I would like to see a debate start even on my blog on this, but I have trouble articulating well Barclay’s position. If I can get a hold of his paper (or some summary of it), I will post it. Here is a question, what are the texts in Paul that are most seemingly overt anti-imperial statements? I would ‘peace and security’ (1 Thess 5.3) is up there. What else? Please post comments. I would like to take these to Barclay and see how he would respond.
SO, all said and done, this was a paradigm shattering SBL so well worth the work and cost. More reflections to come.
In my pauline research, I am working through Paul’s letters (chronologically, hypothetically as they were written) and looking at how cultic metaphors are used. My last couple of months have been in 1 Thessalonians. Compared to Galatians and Romans there is very little good research on 1-2 Thess., but that is slowly changing. As far as commentaries go, my favorite has been Charles Wanamaker, in many ways because his attention to social and rhetorical aspects are well balanced with the more traditional interest in history and ‘theology’. After that, certainly Malherbe and Bruce are worthy of note, though I do not like the format of either the Anchor Series or the WBC. One major advantage of the WBC is the bibliography that appears before each pericope or section, but Bruce’s commentary is old enough to be a bit outdated and does not account for the excellent research that has appeared in the last couple of decades.
After that, I appreciate the briefly but still informative commentaries by Beale (IVP) and Gaventa (Interpretation) who both have expertise in things apocalyptic. Raymond Collins has authored a series of essays on 1-2 Thessalonians and has edited a collection of essays (both from Leuven UP) and these represent the best of scholarship on Paul’s letters to Thessalonica. In the future, we look forward to a commentary by Helmut Koester (Hermeneia) and by J. Weima (Baker) – both from very different theological backgrounds, but will have useful perspectives.
My family and I attend a Methodist church in Durham and Ben Blackwell (another Methodist) told me CK Barrett was on the preaching schedule for our area’s circuit a few times this year. keep in mind, he just turned 90. So, we decided to travel a bit further than usual to Langley Park to a small village church with about 20 members (15 in attendence!). Between Ben’s family, mine, and Mark Mathews (with his 3 kids), we doubled the church!
In the Methodist church, often the ‘preacher’ leads the whole service. Barrett was quite mobile, but he had a great deal of trouble reading the hymnal and liturgy. When it came to the scriptural passage, he carefully inspected the text with his magnifying glass and unfortunately had to skip sections where he could not make out the words. But…then he preached – I give him credit, he is a truly marvelous orator – even as a nonagenarian!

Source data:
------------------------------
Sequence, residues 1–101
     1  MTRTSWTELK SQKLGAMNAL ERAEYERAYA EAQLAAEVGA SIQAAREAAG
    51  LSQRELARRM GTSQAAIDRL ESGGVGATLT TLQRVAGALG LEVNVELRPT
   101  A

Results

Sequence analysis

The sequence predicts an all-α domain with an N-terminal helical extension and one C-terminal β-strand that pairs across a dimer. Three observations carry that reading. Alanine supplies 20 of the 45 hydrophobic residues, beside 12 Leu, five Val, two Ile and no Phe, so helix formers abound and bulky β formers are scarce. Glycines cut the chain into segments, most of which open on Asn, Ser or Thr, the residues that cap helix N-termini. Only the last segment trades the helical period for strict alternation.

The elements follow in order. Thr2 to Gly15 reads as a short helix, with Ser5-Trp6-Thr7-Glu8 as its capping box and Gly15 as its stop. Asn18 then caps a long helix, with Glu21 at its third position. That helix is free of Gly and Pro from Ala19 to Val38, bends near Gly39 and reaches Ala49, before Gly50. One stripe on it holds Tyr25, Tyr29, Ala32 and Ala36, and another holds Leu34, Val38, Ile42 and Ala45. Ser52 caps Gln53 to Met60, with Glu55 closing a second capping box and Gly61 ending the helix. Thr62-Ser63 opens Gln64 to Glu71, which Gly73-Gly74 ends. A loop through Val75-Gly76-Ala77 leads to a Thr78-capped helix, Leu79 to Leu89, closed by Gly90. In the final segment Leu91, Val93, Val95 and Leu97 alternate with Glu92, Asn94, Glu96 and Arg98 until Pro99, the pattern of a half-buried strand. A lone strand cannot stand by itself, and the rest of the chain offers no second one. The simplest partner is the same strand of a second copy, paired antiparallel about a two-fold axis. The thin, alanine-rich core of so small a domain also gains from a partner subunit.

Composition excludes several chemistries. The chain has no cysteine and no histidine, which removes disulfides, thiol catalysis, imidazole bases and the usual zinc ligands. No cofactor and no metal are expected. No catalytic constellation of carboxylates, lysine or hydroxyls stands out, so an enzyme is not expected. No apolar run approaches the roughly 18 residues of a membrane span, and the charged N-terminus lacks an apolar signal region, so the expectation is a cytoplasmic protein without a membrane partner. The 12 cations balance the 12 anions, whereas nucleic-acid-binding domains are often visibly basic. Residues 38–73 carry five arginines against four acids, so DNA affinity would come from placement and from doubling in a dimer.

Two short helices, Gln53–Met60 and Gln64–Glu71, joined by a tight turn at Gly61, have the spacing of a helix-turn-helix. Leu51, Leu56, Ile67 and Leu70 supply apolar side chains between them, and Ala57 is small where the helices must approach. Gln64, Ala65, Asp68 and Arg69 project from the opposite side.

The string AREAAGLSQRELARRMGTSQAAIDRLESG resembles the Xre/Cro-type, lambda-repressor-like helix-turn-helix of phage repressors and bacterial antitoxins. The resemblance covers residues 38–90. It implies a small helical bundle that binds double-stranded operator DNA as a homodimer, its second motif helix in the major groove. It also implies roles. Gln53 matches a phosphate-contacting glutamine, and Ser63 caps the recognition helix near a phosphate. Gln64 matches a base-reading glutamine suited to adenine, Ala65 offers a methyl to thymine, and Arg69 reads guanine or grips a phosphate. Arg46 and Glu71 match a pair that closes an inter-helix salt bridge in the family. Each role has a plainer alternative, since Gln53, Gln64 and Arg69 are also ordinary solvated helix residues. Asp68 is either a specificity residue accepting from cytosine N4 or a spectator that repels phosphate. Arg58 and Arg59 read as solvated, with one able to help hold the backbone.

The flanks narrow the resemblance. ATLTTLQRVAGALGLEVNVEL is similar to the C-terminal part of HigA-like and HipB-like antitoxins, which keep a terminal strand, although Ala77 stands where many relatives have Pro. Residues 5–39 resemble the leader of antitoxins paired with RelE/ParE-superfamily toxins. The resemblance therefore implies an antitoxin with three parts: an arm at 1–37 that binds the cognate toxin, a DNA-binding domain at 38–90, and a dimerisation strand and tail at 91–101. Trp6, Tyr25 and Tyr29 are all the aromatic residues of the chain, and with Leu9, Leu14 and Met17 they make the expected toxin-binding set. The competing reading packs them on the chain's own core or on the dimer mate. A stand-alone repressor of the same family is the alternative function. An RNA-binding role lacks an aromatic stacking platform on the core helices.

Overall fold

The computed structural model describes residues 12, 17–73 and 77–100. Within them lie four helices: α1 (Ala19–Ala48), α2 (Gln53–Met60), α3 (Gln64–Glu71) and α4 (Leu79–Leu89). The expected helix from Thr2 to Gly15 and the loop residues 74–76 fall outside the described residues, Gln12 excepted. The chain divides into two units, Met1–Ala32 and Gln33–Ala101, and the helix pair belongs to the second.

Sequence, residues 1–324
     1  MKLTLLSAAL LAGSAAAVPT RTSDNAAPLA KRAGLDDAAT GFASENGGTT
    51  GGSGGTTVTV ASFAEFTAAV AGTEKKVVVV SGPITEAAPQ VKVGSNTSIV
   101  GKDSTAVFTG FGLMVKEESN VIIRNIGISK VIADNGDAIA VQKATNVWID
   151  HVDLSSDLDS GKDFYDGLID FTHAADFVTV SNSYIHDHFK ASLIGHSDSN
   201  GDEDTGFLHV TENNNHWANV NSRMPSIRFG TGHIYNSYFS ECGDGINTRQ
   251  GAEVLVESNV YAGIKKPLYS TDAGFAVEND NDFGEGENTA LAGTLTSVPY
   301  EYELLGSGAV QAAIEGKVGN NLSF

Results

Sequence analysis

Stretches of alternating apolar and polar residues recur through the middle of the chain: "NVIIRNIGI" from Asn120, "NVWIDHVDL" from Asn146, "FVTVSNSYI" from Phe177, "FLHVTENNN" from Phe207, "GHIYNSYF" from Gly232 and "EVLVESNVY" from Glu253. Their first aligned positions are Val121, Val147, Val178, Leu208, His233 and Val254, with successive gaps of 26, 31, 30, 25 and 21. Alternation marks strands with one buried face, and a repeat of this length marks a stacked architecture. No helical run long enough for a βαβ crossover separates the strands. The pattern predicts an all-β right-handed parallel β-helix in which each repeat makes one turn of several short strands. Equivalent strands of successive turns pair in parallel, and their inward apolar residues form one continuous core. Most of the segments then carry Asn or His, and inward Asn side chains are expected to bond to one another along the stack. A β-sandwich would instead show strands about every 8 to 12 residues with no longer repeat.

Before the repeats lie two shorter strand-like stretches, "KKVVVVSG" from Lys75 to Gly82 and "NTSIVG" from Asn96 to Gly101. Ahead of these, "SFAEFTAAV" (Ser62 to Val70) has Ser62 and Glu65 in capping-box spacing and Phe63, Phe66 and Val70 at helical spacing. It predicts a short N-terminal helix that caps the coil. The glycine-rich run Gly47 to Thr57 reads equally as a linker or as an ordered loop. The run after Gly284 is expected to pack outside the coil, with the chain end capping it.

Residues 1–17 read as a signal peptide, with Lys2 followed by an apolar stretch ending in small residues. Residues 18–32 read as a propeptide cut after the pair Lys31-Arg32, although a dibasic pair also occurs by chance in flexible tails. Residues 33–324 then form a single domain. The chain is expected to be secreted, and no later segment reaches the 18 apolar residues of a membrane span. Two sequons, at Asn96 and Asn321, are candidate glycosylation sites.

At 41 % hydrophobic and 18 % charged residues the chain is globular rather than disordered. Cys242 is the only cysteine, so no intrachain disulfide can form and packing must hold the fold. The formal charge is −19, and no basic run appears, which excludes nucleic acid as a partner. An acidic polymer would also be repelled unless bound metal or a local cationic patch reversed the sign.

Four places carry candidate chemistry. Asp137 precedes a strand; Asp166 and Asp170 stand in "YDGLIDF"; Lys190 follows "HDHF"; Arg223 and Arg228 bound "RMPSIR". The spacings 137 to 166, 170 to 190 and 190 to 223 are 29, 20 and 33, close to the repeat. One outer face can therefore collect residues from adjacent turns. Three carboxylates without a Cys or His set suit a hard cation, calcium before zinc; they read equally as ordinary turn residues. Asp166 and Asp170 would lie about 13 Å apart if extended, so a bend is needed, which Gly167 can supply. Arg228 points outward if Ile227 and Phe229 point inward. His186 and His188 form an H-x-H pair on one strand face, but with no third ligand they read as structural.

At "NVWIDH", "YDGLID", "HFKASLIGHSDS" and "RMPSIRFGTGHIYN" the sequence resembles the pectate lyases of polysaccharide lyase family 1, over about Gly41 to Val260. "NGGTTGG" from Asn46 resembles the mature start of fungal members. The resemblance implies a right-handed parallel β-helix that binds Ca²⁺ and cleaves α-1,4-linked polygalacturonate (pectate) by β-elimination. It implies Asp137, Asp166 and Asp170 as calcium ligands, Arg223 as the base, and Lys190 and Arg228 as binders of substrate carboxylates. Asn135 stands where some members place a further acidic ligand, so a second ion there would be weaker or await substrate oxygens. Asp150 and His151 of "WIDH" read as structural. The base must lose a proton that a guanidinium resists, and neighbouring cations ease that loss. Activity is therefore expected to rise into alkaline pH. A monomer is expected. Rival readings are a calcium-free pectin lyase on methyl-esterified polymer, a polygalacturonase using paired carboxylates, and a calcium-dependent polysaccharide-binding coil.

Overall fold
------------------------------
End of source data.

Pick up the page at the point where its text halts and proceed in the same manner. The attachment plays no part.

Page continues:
He spoke about Acts 26 where Paul is before Agrippa and shares his ‘message’ about turning unbelievers from darkness to light. Barrett said that he felt that anyone like Paul who had at least some Hellenistic education would have thought of Plato’s cave analogy. Barrett took us through Plato’s metaphor of the cave and the world…but Barrett explained that there is cognitive dissonance when you try to understand how that first person is able to break the chains and turn to see the true forms. Barrett explained that the Christian gospel is able to bridge that logical gap with the person of Christ.
I certainly did not explain his ideas with the sweet rhetoric that he did on Sunday, but take my word for it – it was a real treasure to see Barrett as a pastor who uses his academic wisdom for the betterment of ‘everyday’ believers. We spoke to him briefly afterwards and he was warm and kind. To speak to him personally you would not know who he was. He was a gentle, humble man. To hear him preach, you still see the fire of a new testament scholar, and the passion of a preacher and expositor.
I am happy to see Durham staff members participate in the life of the church. My own supervisor, Stephen Barton, is an anglican minister and he also tries to bring his learnedness to a level digestible by the church – he is an inspiration to me in many ways.
Thank you, Barrett. May your academic and ecclesiastical legacy carry on.